If you like to wear sweaters, you’ve noticed the problem: pilling. I’ve lost some beautiful articles of clothing over the years to excess pilling, all of which I miss dearly. The problem is that there’s no way to prevent it, other than leaving all of your clothes on the shelf. Which is impractical. [More]
Ever find a pill in your medicine cabinet and forget what it is and how it got there? To the rescue comes Pillbox, a site that helps you identify unknown pills. Just select a few criteria, like shape, size, scoring and marking, and it tells you what kind of pill it is. Neat! [More]
Reddit user TheKarateKid says he emailed a major drug company asking why their $500 version of a $10 generic is worth the $490 markup. The drug company rep accidentally emailed the customer back this message intended for her colleague. [More]
Hey people with Medicare, you’re about to become a little more attractive to scammers. That’s because this week the government will start sending out its one-time tax free rebate checks to those of you who have already hit the donut hole gap in your Medicare coverage. The main thing to know, advises Medicare, is that you don’t need to provide any information to anyone to get the rebate–it’s automatic. [More]
Amazing pills that will make me look younger and lose weight? And it comes as a free trial, you say? Of course I’ll try it! Here’s my credit card number. What could possibly go wrong?
If you have to take meds, you know that one of the big issues is watching out for potential drug interactions—the last thing you want is to pass out at the supermarket from uncontrollable flatulence and a sudden onset of glaucoma. Consumer Reports has developed My Medication Tracker, a free desktop app that lets you privately keep a record of your medication history (and related costs), as well as watch out for potential interactions.
Over the past few years, the numbers of recalled pharmaceuticals has grown as new drugs are rushed to market before their safety is proven. Want to help improve drug safety? If you experience any serious side-effects from pharmaceutical or suspect drug interactions be sure to report these instances to the FDA. Here’s how:
We have also shared with all of our pharmacy departments that this is an unacceptable practice and should not be repeated. At Sam’s Club we always have the health and welfare of our customers and members in mind with everything we do and we deeply regret that this incident occurred.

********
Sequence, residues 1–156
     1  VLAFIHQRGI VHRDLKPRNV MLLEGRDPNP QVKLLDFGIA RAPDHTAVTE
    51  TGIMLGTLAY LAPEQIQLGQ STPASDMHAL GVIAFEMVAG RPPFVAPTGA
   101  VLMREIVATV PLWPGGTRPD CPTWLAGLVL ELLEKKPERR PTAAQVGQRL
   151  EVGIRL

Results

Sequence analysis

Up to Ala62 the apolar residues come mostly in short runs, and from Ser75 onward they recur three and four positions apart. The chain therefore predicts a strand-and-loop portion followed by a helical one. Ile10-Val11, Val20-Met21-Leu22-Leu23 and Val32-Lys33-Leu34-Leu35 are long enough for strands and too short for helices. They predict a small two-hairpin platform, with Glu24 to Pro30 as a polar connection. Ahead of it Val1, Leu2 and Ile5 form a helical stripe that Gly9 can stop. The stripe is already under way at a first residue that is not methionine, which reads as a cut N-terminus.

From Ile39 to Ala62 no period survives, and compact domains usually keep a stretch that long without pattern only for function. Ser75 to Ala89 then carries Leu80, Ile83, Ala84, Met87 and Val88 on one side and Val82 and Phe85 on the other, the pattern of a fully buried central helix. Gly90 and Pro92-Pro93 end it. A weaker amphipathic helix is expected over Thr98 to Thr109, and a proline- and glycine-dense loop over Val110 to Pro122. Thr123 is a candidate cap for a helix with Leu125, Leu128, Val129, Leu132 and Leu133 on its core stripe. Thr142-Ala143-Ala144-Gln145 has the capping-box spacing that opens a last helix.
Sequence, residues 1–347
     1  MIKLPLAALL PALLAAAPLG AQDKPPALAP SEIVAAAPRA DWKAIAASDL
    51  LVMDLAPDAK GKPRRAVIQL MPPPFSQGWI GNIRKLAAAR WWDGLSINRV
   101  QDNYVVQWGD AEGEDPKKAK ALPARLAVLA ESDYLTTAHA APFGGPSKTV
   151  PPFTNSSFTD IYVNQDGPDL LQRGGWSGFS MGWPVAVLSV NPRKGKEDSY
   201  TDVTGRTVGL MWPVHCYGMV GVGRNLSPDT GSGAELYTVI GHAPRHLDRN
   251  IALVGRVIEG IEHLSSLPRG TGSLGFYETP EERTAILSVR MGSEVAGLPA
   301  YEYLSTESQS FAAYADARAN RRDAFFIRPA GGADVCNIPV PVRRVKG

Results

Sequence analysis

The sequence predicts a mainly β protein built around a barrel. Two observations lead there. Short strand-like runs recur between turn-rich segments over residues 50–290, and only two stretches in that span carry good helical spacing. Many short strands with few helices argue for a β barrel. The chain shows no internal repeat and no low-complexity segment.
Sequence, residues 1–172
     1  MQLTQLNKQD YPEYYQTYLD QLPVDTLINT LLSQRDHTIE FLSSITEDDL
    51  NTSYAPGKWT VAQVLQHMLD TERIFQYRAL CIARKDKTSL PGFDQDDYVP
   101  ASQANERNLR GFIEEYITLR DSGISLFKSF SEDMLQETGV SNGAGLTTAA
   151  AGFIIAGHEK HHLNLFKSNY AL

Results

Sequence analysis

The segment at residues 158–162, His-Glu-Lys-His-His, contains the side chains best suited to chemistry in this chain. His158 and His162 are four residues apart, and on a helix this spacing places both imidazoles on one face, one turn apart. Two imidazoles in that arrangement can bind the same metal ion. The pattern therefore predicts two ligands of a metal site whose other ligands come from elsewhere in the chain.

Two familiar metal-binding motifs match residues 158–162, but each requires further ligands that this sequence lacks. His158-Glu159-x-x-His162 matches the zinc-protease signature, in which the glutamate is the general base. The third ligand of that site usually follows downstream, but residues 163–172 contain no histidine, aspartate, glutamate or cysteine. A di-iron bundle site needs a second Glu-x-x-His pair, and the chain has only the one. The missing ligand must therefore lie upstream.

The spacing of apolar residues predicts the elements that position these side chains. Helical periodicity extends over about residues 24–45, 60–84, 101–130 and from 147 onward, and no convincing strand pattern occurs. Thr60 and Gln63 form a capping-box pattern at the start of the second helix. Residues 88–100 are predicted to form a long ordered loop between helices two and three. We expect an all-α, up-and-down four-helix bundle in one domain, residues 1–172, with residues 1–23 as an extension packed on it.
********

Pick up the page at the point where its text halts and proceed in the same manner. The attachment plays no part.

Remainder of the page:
One of the problems with dog ownership* is having to reconcile the concepts of “best friend” and “eats her own poop.” My late cocker spaniel, Lady, treated the front lawn as her personal snack bar, and was particularly fond of the gifts the local rabbits left there for her. I never realized that there were products designed specifically to stop this behavior.
Reader Pattie got the wrong pills from CVS and luckily, she noticed before taking them. She has no idea what they were, but is wondering if this sort of mistake is common.
If there’s one group of Americans who don’t carry their weight and need to pay more money to the healthcare industry, it’s those layabout senior citizens! That’s why their Medicare drug premiums are increasing by an average of 31% for the 10 most popular plans beginning in 2009. If you were with Humana, formerly the cheapest Medicare drug plan you could get (its premium was $9.51 in 2006), you can expect to pay $40.83 per month in 2009, an increase of 60% over this year’s rate. As you would expect, Humana is no longer the cheapest option—so it may be time to shop around for a new plan.
Conventional thinking says that you should buy based on better unit price, but Target knows this and has figured out a way to trick you. On the left is a name brand joint-strengthener, on the right, Target’s generic. Going just by unit price, Target looks like the better deal. But let’s see what’s going on on the back label…
“>nearly everyone reporting stomach pains. However, there are only eleven reviews for the product, so we’re wondering how many people have actually tried the new Centrum and suffered for it. Anyone here?
Tina claims that last December she had her prescription filled at a Dallas Walgreens store, and was surprised to see that the pills had changed.
“Your drugs are too expensive.”
A new study analyzing hospital prescriptions shows startling and potentially deadly trends.